I started planning for round two of Project Food Blog before I even finished my entry for the first round. I liked the idea of making a traditional family dish with the recipe coming from a friend. I knew my friend, Virginia, could help. She’s a terrific cook with a generous spirit. I called her up and we brainstormed some traditional Korean dishes. She helped me decide on bibim bap (mixed vegetables on rice) and bulgogi (marinated beef), something that her family often ate.
Now, for the shopping…I visited two Asian grocery stores within a few miles of our temporary house here in Fort Worth. The vegetables, rice, and seasonings where easy to find, and it was fun to just wander down the aisles. The butcher counter was a slightly different story.
From my conversations with Virginia, I knew I was looking for very thinly sliced beef, and we both believed it would be fairly common to find. Let me emphasize here that I am not at all squeamish, and I thought it was important in the spirit of the challenge to step outside my normal routine. I was not deterred by the lack of labels behind the glass, the various animal body parts in plastic, or clerks who didn’t speak English. I walked slowly up and down the counter case, all along the freezer case, and back to the counter case. Hmmmm…I didn’t really see what I wanted to find.
I found one pile that looked like beef, and was thinly sliced, but it looked basically like scraps left from trimming more favorable portions of the cow. Well, what the heck, the price was only $1.49/lb. Note to my reader – that should have been my first clue. Using sign language and pointing, I placed my order. The clerk reached into the pile with his bare hands and dumped it by the handful into a plastic grocery bag to weigh, then placed it in another plastic grocery bag, knotted it, and handed it over. This probably should have been my second clue.
Once I got my packages home, I was going to prepare the marinade for the beef. I unwrapped the meat with the intent of trimming it. On closer inspection, I noticed that it was really discolored. It also had a lot of fat on it. Now, we don’t have the best knife set in our rental kitchen, but I couldn’t even cut it. No matter what direction in relation to the grain I used, it was too tough. Alright, enough is enough. I threw the whopping $3 of meat in the trash and headed out to the store again.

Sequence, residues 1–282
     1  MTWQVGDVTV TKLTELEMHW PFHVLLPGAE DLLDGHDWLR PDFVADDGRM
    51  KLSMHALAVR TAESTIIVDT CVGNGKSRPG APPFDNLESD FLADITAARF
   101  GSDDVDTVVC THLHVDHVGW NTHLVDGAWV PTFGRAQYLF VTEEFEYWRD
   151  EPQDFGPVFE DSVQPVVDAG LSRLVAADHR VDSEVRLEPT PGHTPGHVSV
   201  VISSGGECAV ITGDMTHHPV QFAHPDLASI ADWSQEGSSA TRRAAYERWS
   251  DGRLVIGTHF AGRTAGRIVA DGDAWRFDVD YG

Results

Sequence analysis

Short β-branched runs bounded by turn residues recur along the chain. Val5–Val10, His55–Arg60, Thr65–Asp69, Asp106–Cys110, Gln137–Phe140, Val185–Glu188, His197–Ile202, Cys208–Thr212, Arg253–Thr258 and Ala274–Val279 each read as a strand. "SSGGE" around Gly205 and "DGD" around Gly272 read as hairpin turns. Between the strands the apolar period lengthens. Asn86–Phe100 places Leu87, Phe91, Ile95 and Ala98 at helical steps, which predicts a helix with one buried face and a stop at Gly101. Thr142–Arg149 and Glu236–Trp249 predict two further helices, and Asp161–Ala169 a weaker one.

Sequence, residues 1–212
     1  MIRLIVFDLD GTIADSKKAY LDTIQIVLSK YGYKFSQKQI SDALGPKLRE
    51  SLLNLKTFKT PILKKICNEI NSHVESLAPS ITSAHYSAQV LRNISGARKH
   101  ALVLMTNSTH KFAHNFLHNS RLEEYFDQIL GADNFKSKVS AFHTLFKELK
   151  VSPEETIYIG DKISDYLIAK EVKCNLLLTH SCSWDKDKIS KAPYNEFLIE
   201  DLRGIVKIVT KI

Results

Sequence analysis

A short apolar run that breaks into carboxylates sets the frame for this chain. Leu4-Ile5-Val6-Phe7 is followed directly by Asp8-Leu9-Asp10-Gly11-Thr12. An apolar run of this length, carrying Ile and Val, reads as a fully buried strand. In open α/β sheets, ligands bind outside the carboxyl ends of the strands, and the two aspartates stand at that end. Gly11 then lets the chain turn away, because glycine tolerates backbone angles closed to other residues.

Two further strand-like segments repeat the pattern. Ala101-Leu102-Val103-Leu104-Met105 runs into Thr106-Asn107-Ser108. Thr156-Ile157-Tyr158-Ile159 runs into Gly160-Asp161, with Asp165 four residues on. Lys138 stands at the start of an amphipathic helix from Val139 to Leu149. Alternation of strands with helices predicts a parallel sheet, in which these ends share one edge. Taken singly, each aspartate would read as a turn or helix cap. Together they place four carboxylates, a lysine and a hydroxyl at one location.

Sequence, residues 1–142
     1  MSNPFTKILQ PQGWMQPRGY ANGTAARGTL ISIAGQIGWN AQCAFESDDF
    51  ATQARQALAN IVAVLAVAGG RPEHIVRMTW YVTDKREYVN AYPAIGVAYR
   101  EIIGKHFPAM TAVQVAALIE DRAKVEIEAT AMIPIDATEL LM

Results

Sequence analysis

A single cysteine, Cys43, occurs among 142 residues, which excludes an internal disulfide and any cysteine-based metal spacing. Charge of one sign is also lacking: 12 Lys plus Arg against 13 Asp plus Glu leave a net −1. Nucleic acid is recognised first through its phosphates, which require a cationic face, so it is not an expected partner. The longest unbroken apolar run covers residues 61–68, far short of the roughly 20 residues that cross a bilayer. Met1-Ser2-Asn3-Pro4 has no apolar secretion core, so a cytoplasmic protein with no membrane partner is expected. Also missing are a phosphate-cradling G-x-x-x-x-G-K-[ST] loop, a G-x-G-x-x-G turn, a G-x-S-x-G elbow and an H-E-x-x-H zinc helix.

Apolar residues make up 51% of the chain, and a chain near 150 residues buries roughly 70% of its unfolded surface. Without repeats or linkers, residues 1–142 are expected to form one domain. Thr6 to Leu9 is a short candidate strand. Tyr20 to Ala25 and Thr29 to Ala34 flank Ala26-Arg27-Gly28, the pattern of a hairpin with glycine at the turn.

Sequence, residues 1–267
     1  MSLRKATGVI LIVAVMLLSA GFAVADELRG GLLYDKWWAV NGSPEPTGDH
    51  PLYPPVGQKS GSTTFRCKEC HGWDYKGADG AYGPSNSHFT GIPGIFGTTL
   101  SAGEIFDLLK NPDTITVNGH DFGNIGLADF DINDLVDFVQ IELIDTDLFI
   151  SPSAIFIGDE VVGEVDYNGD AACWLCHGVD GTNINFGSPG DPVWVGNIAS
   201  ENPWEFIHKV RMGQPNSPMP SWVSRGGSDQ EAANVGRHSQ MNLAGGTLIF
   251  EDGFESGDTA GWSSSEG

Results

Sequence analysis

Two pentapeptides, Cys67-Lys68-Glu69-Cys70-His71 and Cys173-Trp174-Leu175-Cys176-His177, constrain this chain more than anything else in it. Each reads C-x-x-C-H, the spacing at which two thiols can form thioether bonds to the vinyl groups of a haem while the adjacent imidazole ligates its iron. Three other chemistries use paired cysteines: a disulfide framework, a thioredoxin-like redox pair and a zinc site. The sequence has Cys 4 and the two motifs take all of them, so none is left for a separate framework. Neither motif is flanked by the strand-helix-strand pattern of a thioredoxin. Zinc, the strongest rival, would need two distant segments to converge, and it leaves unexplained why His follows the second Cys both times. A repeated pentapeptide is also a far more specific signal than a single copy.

This time I visited a butcher I knew who could help me figure out what to do. We put our meatheads together and decided that the best course of action was to buy fajita meat. Yeah, that’s right. I bought Texas fajita meat to make Korean bulgogi. Hear me out…fajita meat is sirloin made for marinade and thin slicing. Plus, it isn’t too expensive. Meat crisis over, I went home to make my marinade.
For 1 lb of meat, very thinly sliced
1 cup soy sauce
1/8 cup white sugar
2 Tbsp garlic powder
¼ cup sesame oil
1 bunch spring onions, cut into 1-inch pieces
dash of rice vinegar
Place all ingredients and meat in a gallon sized ziploc bag.
Using your hands, distribute the marinade around and over the beef.
Refrigerate for at least 30 minutes. The meat can then be stir fried, broiled, or grilled. You may want to chop it into bite-size pieces, as I did.
Serves 4 to 6
2 cups medium-grain Korean (or Japanese) rice
1 large cucumber, sliced into thin strips
1 1/2 cups bean sprouts
1 1/2 cups spinach, trim stems
2 carrots, julienned
1/2 lb meat, optional
Fried egg as a topping, optional
For making the right rice, which is really important, here’s what Virginia says to do. Rinse the rice to get rid of excess starch. Then put enough water in it so that when you lay your hand flat on the surface of the rice, the water goes up to your big knuckle on your fingers. She uses a rice cooker, but if you want to do on stove, just bring it to a boil and then immediately cover, turn heat down to low, and then let that “steam” for 20 minutes. Do not open lid during the 20 minutes. I used 1½ cups of dry rice and 2 cups of water. I brought it to a boil, then covered and turned down the heat to low and cooked for 20 minutes.
I cooked all vegetables separately and kept them separate until serving.
Soak the cucumber in saltwater for about 20 minutes, then drain.
Place the bean sprouts in boiling water for 2 to 3 minutes, and drain.
Cook the spinach in boiling water for no more than 3 minutes and drain very well. I squeezed it with my hands to remove excess water. I seasoned each with a drizzle of sesame oil, a dash of salt, and a sprinkle of sesame seeds.
Sauté carrots in a bit of sesame oil and sprinkle with salt.
Spoon cooked rice in large bowl or platter and arrange vegetables on top.
If you like, the bulgogi and egg can be placed in the center.
This was delicious, and we ate until we were almost sick. We attempted authenticity by eating with chopsticks, but my husband reverted to using a fork because he couldn’t shovel it into his mouth fast enough. Thanks for the recipes, Virginia!